Bradley’s rise key to Summer Creek’s state run
Donovan Bradley has long idolized Olympian Grant Holloway. Like Holloway, a 2020 Olympic silver medalist and 2019 world champion, Bradley, a junior at Summer Creek, is a sprinter and hurdler.
“I’ve carried myself and moved like Grant since day one,” Bradley said.
So, when Holloway responded to a tweet of Bradley’s last week, acknowledging his reverence of the second-fastest man in 110-meter hurdles history, Bradley did the first thing that came to his mind.
He started dancing.
Keep working hard.. your hard work isn\u2019t going unnoticed https://twitter.com/Donovan_Bradle/status/1521983590829072387\u00a0\u2026— S. Grant C. Holloway, OLY, WRH (@S. Grant C. Holloway, OLY, WRH) 1651718171
“Keep working hard.. your hard work isn’t going unnoticed,” Holloway tweeted Bradley on May 4.
“It felt unreal,” Bradley said. “I danced in my room for a good minute. Grant has always been someone I’ve looked up to. I just admired his pure dominance. He wasn’t afraid to go out there and shine.”
Bradley’s stock is on a rise. Holloway knows. Others are starting to see it, too.
Like his role model, Bradley is not failing to shine.
Bradley is a big reason why Summer Creek’s boys track and field team is a favorite to repeat as UIL Class 6A state champions this weekend in Austin. Bradley won the 110-meter and 300-meter hurdle events at the Region III-6A meet two weeks ago—posting times of 13.67 and 37.48 seconds, respectively—and ran the first leg of the Bulldogs’ 4x100 regional champ relay.
It’s a far cry from last season, when Bradley finished 14th at regionals in the 300 hurdles, though still made it to state as part of the Bulldogs’ eventual 4x400 gold medal relay.
The difference this year for Bradley is between the ears. He always had the speed and raw talent. But the intensity of big moments is no longer feared. It is welcomed.
“I know what to expect now,” Bradley said. “Last year was literally my first everything, because my freshman year (2020) was the COVID year. So, I think a lot of it was a big shock. But after I ran state last year, I realized it was not as big as I was making it. Most of it was in my head.
“I think mainly what messed me up was the pressure. The moment. At the time, I was so immature mentally and I didn’t understand how to deal with that type of emotion. If I had just run at regionals like I did the whole season, I would have got the wild card (bid) to state. I was just so in my head.”
With this year being an important one for his recruiting, Bradley set out to prove he can compete under pressure.
It started with the Junior Olympics last July. In front of a crowd of about 5,000 people at Turner Stadium in Humble, the same site that hosts the regional meet, Bradley finished second in the 400-meter hurdles.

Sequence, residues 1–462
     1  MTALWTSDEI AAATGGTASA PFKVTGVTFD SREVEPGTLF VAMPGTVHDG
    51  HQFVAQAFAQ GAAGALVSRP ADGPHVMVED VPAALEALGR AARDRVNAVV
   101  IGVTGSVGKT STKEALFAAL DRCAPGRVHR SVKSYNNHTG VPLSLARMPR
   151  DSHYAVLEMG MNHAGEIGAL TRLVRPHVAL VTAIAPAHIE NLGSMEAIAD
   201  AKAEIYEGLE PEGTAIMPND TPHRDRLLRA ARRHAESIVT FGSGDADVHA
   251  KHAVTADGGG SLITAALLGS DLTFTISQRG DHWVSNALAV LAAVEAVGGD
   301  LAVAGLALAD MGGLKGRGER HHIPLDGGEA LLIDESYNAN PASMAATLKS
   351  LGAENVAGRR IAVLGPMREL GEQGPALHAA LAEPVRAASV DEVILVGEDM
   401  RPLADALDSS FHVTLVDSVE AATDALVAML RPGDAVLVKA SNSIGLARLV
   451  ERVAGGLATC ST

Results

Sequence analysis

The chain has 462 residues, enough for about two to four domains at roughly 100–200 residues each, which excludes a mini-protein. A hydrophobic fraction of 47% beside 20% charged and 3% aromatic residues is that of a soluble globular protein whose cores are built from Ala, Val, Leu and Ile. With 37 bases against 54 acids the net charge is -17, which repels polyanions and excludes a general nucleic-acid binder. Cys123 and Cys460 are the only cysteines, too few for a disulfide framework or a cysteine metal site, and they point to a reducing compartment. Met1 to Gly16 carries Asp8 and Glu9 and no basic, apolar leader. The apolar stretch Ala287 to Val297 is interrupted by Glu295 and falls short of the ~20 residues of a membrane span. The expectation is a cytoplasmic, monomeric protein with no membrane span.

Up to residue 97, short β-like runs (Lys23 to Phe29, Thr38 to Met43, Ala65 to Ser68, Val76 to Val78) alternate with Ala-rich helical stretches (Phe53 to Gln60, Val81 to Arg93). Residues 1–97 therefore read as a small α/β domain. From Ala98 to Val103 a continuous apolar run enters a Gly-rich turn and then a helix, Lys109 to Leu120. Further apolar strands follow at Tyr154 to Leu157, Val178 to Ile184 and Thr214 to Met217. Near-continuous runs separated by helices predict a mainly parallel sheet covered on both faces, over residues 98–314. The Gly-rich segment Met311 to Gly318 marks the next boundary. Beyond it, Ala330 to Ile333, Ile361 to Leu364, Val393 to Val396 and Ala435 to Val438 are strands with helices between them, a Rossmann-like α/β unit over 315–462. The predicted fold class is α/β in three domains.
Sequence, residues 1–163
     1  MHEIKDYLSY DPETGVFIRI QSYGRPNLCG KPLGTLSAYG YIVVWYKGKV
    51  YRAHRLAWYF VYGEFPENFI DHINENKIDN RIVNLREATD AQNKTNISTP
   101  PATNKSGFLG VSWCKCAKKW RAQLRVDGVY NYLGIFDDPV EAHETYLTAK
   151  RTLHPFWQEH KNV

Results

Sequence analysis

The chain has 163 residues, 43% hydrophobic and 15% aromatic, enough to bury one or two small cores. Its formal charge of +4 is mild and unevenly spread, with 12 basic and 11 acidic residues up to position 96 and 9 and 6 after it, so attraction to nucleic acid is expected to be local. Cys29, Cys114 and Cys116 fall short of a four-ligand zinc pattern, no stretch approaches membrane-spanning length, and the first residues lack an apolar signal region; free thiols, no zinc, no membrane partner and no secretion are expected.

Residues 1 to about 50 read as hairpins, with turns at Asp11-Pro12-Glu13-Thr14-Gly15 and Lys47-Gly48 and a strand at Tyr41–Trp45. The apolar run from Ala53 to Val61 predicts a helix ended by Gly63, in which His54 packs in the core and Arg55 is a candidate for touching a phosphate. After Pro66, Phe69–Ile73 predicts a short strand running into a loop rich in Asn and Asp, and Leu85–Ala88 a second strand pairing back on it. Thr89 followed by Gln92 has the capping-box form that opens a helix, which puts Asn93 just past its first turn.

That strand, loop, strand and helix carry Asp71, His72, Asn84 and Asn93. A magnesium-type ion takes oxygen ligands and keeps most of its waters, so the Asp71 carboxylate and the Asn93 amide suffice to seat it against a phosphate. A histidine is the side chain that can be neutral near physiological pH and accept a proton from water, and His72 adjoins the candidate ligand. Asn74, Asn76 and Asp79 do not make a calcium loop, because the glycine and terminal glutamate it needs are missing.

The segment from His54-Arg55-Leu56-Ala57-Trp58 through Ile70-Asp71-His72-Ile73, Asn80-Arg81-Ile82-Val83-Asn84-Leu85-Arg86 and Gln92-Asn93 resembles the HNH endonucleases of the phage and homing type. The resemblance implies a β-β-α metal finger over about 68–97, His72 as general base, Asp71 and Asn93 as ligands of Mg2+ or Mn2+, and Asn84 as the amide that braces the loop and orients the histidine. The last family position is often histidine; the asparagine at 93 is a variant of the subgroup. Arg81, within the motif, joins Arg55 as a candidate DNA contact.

Since then, he has continued to blossom. He credits his parents and grandparents for keeping him humble and grounded. He recently had a long talk with his family about his ambitions and season, and his grandparents encouraged his focus be put in God’s hands.
“That’s what I’ve been doing, and it’s working,” Bradley said. “I’m a new person. All I did was I prayed, and, mentally, I know that everyone is nervous, and what we do on this earth, with those types of nerves, is what makes us.
“As an athlete, I’m starting to learn that my biggest barrier is my own head. I can do anything I want through God, and telling myself and reassuring myself of that is what’s helping me.”
Summer Creek junior Donovan Bradley.Courtesy of Donovan Bradley social media
Bradley acquainted himself more with the weight room this season. He has been lifting more, and, as a result, his technique is more efficient.
His base is stronger, and his arms are no longer “all over the place, wild and everywhere,” he said.
“Coming into this season, I was just very confident in what I can do,” Bradley said. “I feel like track is a feeling. If you feel like you can do it, you can. And I had this feeling in my heart this season … like in the 110s, I wanted to become something. I just go with that gut feeling. I know what I want for myself, and as long as I stay humble and work, God is going to take care of me.”
Bradley holds personal records of 13.55 and 36.82 seconds, respectively, in the 110 and 300 hurdles. Both of those marks were set at the prestigious 94th Texas Relays at the University of Texas—the site of this week’s state meet—in late March, where only the best of the best compete.
But Bradley wants more.
He is a young man with great ambition. Humble, but confident. Grounded, but self-assured.
“I really, really, really want to break a state record,” Bradley said. “If not the 300 hurdles, then the 110. I have another year, and have summer track to do it, but when I’m done, I want people, when they look at me and when they talk about me, to see me like a legend.”